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Judith Wich-Wenning: The Open House Presentation at Katharinenhof in Summer 2013 was a great success, with visitors being very enthusiastic. What were your personal thoughts on this special day? Dr. Hans-Joachim Nagel: I was very pleased that so many people, from all parts of Germany and even from far away countries, have followed my invitation, and it was definitely necessary and wise to make all possible efforts in order to give a very special presentation of our breeding stock on that day, given people made efforts to travel so far. We made a similar presentation a few years ago on the occasion of Salaa el Dine’s 20th birthday. In the meantime several new stallions have been raised and used in this stud; it must be of interest to present the progress in breeding due to this new generation of stallions. I am sure that many people are interested to know how this exceptional and until now unique breeding programme of Katharinenhof is developing – exceptional because this programme is, since 1985, closed, which means that no other horses from outside have been added to the breeding herd. Judith Wich-Wenning: On the same day, your new, much sought-after book “The Arabian Horse – Nature’s Creation and the Art of Breeding” was presented to the public. What were your most important motives for writing it? Dr. Hans-Joachim Nagel: As many other people I am very interested in the well-being of the Arabian horse breeding and it is worrying to notice that in the course of time the number of Arabian horses bred worldwide is decreasing; in the old traditional Western countries, even in a dramatic way. So many major breeders and breeding associations are concerned about this negative trend which has been prevailing now more than 10 years. One of the reasons may be the fact that the Arabian horse is caught as well by a trend and ambiance, where specialization and standardization are prevailing. The Arabian is advertised mainly to be a show horse or possibly a performance horse in the first place, and has to qualify for these purposes, but all its other merits and reasons why to keep or to breed Arabian horses are not finding much recognition anymore. All magazines and major publications are concentrating on show horses and show results, and there are special magazines for performance horses, even when these two activities are attracting only 10–15% of the horses and their owners or breeders. The remaining 90% has practically no forum and a newcomer and outsiders may think that they are not existing. The Arabian breed offers much more and highly interesting aspects when one studies this breed in its totality of merits and abilities. The concept of my book “The Arabian Horse – Nature’s Creation and the Art of Breeding” should open a wider view into this well appealing breed and to make known which are the extraordinary qualities of this horse with an amazing history which cannot be found in other horse breeds; all this is due to its territorial isolation – the Arabian Peninsula - in October 2015 - ARABHORSECOUTURE.COM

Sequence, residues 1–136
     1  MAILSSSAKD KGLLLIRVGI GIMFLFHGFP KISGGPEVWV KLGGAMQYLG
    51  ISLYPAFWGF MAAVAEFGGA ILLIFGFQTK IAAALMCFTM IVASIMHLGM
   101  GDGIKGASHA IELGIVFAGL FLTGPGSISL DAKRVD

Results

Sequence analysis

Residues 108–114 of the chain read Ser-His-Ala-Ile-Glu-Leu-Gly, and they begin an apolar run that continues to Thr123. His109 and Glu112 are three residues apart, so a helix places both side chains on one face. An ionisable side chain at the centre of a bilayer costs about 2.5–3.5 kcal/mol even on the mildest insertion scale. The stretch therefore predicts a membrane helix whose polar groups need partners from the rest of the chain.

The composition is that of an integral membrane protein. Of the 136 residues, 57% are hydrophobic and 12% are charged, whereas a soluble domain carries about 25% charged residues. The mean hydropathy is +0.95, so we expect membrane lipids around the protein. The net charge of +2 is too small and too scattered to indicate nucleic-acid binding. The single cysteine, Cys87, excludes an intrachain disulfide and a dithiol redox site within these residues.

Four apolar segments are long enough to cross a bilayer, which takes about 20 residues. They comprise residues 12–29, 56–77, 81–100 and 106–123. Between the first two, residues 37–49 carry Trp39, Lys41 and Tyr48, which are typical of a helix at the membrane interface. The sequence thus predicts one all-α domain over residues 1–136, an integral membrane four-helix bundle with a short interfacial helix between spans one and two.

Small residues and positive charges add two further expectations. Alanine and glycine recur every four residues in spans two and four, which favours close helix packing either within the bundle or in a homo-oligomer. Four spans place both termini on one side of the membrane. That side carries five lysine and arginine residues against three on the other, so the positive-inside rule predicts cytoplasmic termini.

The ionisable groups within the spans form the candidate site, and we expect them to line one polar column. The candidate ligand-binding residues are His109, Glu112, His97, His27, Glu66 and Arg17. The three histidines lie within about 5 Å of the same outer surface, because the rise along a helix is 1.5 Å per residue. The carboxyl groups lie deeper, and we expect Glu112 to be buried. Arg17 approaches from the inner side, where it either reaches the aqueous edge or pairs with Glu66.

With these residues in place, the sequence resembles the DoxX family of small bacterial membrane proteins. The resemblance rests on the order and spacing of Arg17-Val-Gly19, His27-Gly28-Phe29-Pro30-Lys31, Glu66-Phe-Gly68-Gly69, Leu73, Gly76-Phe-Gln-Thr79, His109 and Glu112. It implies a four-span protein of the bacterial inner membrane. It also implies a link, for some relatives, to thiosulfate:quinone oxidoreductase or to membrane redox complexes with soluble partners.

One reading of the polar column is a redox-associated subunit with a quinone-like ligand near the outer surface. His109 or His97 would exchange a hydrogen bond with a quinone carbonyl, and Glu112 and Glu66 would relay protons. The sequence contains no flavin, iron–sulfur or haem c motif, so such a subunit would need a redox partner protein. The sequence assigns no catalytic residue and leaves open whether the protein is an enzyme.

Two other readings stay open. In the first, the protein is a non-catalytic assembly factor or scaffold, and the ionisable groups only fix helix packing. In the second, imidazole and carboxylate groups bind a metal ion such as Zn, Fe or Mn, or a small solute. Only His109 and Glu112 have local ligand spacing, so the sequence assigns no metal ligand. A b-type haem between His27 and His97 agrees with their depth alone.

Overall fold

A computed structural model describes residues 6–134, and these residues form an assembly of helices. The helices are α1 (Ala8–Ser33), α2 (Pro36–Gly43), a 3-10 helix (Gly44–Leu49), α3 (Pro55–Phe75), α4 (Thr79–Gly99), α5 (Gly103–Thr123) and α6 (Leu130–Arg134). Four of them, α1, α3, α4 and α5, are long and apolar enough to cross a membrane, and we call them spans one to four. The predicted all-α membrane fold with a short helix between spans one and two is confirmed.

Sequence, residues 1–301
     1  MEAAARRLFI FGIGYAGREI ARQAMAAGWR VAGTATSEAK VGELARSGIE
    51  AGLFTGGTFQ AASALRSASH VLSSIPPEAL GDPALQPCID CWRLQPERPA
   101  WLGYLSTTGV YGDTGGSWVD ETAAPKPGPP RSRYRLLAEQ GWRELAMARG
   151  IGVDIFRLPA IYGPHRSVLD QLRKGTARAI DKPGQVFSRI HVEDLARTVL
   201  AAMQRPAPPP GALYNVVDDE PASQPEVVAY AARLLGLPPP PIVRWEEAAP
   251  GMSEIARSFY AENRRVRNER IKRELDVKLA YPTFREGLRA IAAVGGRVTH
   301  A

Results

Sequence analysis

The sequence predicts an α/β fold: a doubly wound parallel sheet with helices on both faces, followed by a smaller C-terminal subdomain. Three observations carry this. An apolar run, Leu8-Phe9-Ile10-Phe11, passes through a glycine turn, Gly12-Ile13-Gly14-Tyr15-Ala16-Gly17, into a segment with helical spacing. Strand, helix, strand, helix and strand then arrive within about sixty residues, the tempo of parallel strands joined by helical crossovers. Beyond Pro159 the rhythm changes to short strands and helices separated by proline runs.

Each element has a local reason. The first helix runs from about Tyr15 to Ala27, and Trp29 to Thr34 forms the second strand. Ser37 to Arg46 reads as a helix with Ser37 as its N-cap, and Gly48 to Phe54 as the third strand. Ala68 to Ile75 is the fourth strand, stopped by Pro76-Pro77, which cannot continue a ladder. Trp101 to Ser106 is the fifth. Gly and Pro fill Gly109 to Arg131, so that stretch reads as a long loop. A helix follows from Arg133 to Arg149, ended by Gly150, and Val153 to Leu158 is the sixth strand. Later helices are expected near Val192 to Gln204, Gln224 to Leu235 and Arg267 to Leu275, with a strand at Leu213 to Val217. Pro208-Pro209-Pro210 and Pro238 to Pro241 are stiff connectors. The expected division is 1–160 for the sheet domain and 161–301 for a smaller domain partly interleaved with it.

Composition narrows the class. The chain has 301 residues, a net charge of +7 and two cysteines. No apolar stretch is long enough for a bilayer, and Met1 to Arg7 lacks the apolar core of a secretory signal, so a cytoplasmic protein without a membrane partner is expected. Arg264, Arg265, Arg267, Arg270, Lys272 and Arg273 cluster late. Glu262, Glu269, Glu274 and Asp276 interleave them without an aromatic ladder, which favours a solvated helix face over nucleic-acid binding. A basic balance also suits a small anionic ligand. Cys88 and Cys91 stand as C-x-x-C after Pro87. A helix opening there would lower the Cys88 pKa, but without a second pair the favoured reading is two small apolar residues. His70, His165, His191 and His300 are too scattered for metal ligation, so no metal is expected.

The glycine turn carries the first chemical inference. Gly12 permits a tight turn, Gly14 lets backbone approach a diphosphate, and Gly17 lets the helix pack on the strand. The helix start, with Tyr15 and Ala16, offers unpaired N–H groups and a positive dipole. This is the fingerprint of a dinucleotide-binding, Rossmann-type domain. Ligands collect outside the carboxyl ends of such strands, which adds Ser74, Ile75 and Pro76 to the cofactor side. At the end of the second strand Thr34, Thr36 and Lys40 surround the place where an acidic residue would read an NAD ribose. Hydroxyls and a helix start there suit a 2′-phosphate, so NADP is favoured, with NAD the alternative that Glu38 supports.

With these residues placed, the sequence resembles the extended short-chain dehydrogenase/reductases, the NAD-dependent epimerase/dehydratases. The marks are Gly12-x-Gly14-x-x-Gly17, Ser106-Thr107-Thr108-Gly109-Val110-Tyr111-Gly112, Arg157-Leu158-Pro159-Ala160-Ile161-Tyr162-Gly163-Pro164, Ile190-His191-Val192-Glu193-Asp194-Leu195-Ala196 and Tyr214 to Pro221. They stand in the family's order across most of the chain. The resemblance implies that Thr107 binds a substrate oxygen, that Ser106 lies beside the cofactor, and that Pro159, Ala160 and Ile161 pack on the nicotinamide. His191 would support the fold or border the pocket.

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which this horse developed over centuries as a combination of environmental influence and selection by humans, and later on to the efforts which were made in the past in the Western world and today by dedicated breeders to keep the momentum of the breed alive. I feel a publication, where these items are discussed, would give a helpful orientation. Judith Wich-Wenning: Which guidelines led you when you built up your world-famous breeding programme? Dr. Hans-Joachim Nagel: The Arabian horse must be clearly recognizable as such; there should be no doubt that one faces an Arabian horse, if such a horse is presented. Therefore, one should know very well what are the typical characteristics and features of an Arabian. This question should be studied, and if doing so, one will find out that there are different types of Arabian horses. One should think first about its own preference and then decide for one of these types and make sure that the typical characteristics of the breed are represented in such a chosen horse. My choice was, 50 years ago, the Arabians of Egyptian type. Judith Wich-Wenning: Which are the cornerstones – the most important mare families – at your stud farm today? Dr. Hans-Joachim Nagel: Our stud is built on four mare families, all four tracing back to the State Stud El Zahraa in Egypt. Only after having studied properly the breeding herd of this important stud, these four mares were chosen to become the foundation mares of our breeding herd. We are using stallions which are all belonging to the sire line of Nazeer, and this from the very beginning, which means with the appearance of Nazeer as one of the greatest and most influential stallions of El Zahraa in Egypt. As a sire, Nazeer was known to breed good mares and good stallions at the same time. He was a horse expressing finest Arabian type, which means dryness on one side and harmony on the other in a perfect way. Judith Wich-Wenning: Which stallions do you currently use and what do you especially appreciate about them? Dr. Hans-Joachim Nagel: We are presently using our older stallion NK Hafid Jamil, and also his three sons: Jamal el Dine, NK Kamar el Dine and NK Nadeer. The dams of these Hafid Jamil-sons are among the best mares we have in our stud, as Ansata Ken Ranya or NK Nadirah. Each stallion must have one or two very specific characteristics in their features, which we like to introduce into our breeding herd. They must be able to transmit them to their offspring. A stallion which does not have one or two highlights or is not able to breed them onwards will not be used. Judith Wich-Wenning: Please tell us about some of the most promising young horses at your farm. Dr. Hans-Joachim Nagel: Every breeder’s pride would be to see some exceptional young horses grown in his stud. What is exceptional in our case? We prefer our young horses to expose the main characteristics of an Arabian, but also, besides Page 51